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Unread postby HungFist » 30 Mar 2008, 17:01

Red Peony Gambler 7: Here to Kill You! (Hibotan bakuto: Oinochi Itadaki masu) (1971)

The series made a turn to worse after the pitch-perfect Red Peony Gambler 5. The negative development continues in the sevent film, although it’s not obvious from the great opening sequence. But the rest of the film is a routine effort. With Fuji, Tsuruta and director Tai Kato it’s needless to say it’s still a very decent film, but the execution and storyline just aren’t lively enough to raise the film above average. A the highlight – appart from the beginning - is actually a very funny comedy sequence. It does involve Wakayama, but he’s not even main clown. Very surprising indeed.

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Last edited by HungFist on 21 Jan 2009, 14:34, edited 2 times in total.

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Unread postby HungFist » 30 Mar 2008, 17:24

Red Peony Gambler 8: Execution of Duty (Hibotan bakuto: jingi tooshi masu) (1972)

Red Peony Gambler receives a worthy conclusion in this eighth instalment. While the previous film suffered from one-dimentional characters and flat storyline, this part is the best written film in the entire series. It starts off rather simple, but gets better and better scene by scene as the themes of honor and duty get more complicated. The big fight at the end is perhaps the best action scene in the entire series, followed by an even better ending shot. The supporting cast features Bunta Sugawara and Hiroki Matsukata in honorable good guy roles.

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Last edited by HungFist on 21 Jan 2009, 14:37, edited 2 times in total.

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Unread postby HungFist » 30 Mar 2008, 17:42

The quality of the dvds varies a bit. These are not very recent releases so don’t expect to see Toei’s very best work. The first two films look pretty decent but could be sharper. I recall at least the first film also displaying more edge enhancement that you usually find on Toei dvds. However, it’s still by no means distracting. See the screencaptures yourself.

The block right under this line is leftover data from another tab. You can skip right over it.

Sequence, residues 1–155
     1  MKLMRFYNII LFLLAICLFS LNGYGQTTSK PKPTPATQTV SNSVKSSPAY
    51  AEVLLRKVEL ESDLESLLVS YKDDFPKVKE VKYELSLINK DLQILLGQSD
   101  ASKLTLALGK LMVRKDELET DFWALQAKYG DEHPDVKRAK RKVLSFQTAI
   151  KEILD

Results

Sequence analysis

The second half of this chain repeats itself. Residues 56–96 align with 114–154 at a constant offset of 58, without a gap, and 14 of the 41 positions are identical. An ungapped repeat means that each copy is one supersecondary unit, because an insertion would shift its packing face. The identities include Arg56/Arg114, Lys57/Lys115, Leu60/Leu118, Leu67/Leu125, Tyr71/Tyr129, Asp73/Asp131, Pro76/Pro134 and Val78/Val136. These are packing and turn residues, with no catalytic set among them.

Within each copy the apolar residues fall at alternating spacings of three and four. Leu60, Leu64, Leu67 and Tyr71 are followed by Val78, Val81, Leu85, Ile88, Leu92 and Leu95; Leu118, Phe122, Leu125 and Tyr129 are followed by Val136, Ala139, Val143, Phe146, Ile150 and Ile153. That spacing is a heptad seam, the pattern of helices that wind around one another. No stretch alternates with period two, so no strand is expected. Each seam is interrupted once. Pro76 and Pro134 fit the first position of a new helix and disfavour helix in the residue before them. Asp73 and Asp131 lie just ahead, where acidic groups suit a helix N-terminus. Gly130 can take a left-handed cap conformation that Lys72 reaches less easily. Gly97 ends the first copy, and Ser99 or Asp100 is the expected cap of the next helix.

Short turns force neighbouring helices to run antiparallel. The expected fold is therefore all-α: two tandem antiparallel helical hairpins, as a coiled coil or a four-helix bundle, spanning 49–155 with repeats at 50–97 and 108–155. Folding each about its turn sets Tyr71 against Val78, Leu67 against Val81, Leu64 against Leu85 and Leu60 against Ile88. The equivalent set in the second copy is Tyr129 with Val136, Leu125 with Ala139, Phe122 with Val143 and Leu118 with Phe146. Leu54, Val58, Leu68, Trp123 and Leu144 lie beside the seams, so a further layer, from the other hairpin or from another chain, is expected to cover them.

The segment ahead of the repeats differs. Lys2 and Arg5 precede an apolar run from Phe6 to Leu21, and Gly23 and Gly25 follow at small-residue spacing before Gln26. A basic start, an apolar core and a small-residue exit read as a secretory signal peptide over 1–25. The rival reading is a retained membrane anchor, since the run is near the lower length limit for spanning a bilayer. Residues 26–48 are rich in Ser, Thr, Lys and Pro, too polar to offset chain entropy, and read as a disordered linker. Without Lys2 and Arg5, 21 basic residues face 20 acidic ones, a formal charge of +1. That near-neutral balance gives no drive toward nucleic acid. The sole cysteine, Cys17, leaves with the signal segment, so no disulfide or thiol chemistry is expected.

The third film looks a bit muted till halfway. After that it gets crisper. The fourth film looks and sounds very nice. The fifth film has a fantastic transfer, but the sound is a bit shrill. It’s not distracting, but you can see (hear) that it’s not as good as we’ve come to expect from Toei. The sixth, seventh and especially eighth films looks and sound great.

Extras are the same for all films; original trailer and picture gallery (usually 9 or 10 stills). Teaser trailers are included for parts 2 and 5, and feature behind the scenes footage. All dvds use original poster arts as covers.

Teaser trailer for part 2
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Teaser trailer for part 5
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Still from part 1
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Still from part 5
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Still from part 6
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Last edited by HungFist on 21 Jan 2009, 14:30, edited 2 times in total.

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Unread postby HungFist » 02 Apr 2008, 18:57

And finally, cover arts for all films.

Red Peony Gambler 1 & 2
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Red Peony Gambler 3 & 4